Archive for September, 2013
Claimed Subject Matter:
The invention relates to a method of synchronizing data, including representing messages as text or binary property list files (plist). The synchronization protocol provides for exchanges between a client and server in which separate sync modes (e.g. fast, slow, reset) are associated with different dataclasses and the dataclasses can be updated in parallel. This is achieved by proposing and agreeing the sync mode for each dataclass; sending sync-start, syncchanges and finally a sync-commit command between client and server.
Applicant: Apple Inc.
Claim 1 was directed to a server-side method and claim 10 was directed to the sychronization server.
The alleged contribution was deemed to be:
Synchronizing data including initiating a sync session by receiving a request comprising a separate proposed sync mode for each of multiple data classes, specifying changes to data of the multiple data classes, using a status code to indicate whether the sync mode for each dataclass is accepted, in accordance with the sync mode for each dataclass, updating the data and selectively committing the changes, which means that a reduced number of messages is required to be transmitted. (Paragraph 23.)
The Hearing Officer deemed that the contribution was not a method for doing business as such:
The synchronised data may be ‘business data’, and the method of synchronising it may be performed in the course of business, but the contribution to data processing is broader, for example including the provision and processing of sync modes and does not, to my mind, mean that the contribution falls within the category of a method for doing business as such. (Paragraph 25.)
However there was more debate as to whether the contribution was a computer program as such. To determine whether it was, the five signposts from AT&T (paragraph 40) were considered.
The Hearing Officer was not convinced that saving bandwidth by reducing a number of messages was an effect provided by a communication process outside of a computer. Instead, the number of messages was reduced inside the computer. Hence, the first signpost was not satisfied (see paragraph 29).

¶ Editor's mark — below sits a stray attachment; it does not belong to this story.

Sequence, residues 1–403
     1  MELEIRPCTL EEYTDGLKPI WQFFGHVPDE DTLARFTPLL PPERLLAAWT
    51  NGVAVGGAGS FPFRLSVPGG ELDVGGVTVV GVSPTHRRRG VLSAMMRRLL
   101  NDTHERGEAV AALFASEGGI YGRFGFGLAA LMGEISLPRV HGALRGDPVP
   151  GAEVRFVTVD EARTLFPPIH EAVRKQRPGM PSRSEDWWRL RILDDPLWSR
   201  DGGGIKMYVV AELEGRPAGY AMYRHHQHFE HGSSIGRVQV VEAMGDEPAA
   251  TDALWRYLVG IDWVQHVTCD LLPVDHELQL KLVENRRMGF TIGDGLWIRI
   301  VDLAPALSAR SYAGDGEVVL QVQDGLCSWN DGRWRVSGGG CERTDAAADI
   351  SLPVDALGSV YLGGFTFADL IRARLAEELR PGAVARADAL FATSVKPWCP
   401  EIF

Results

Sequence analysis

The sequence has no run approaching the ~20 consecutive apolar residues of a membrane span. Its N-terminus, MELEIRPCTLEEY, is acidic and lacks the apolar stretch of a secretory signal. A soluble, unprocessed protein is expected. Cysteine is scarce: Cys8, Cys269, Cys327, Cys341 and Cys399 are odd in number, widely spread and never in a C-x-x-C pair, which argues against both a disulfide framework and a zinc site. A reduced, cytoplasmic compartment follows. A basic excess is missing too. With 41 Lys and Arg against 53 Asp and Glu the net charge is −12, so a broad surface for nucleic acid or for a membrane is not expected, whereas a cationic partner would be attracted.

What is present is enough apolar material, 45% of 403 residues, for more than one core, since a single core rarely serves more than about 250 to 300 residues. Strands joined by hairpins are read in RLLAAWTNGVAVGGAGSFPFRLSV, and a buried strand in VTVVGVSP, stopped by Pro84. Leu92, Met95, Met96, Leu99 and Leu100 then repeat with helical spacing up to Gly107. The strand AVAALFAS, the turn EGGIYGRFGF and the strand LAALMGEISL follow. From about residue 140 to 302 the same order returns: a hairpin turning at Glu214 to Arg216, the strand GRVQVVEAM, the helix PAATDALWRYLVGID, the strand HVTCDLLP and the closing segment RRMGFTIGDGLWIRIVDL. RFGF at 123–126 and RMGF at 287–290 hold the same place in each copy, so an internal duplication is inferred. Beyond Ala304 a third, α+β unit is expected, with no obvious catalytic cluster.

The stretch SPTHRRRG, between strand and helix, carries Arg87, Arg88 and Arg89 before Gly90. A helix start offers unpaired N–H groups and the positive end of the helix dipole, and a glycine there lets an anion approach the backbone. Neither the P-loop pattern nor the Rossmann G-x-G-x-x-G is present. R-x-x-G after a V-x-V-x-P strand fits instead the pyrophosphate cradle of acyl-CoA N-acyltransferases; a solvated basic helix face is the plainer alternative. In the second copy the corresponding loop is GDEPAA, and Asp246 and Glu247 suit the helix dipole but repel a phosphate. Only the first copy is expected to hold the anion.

Reviewing the reasoning in relation to the second signpost, I believe this is most open to counter-argument. In paragraph 31, the Hearing Officer found that the effect was dependent on the type of data being processed: sync mode data. However, he also argued that the contribution was defined in terms of data processing and not the nature of the data being synchronised. In sum, the Hearing Officer is saying that the contribution is dependent on a particular type of control or metadata, but that the data it is applied to can be anything. The Hearing Officer was of the opinion that this contra-indicates a technical contribution. I could disagree – the same reasoning could also be used to demonstrate compliance with the second signpost.
With regard to the third and fourth signposts the Hearing Officer concluded that the computer implementing the invention was not changed by the invention:
All that has changed is the number and format of the messages transmitted. (Paragraph 36.)
As such the fifth signpost was also answered in the negative. As none of the signposts indicated a technical contribution the Hearing Officer concluded that the invention was a computer program as such and the application was refused.
Without delving into the detailed facts of the case the decision seemed a bit harsh. It appears to follow reasoning similar to Hitachi (T 258/03) and apply it to subject matter that in my mind is more technical. It appears to follow similar recent decisions by the European Boards of Appeal that clamp down on the “relieves bandwidth by reducing messages” argument that is often applied in these cases.
One interesting question to consider is: would the decision have been the same if the independent claims covered a system of two entities, a client and a server? If the answer is yes then this appears unfair to parties that only supply one side of the communicating equipment.
The case does nicely illustrate how the UK Intellectual Property Office (IPO) evaluates patentable subject-matter. The framework displayed in the decision can be applied to most patentability cases at the UK IPO.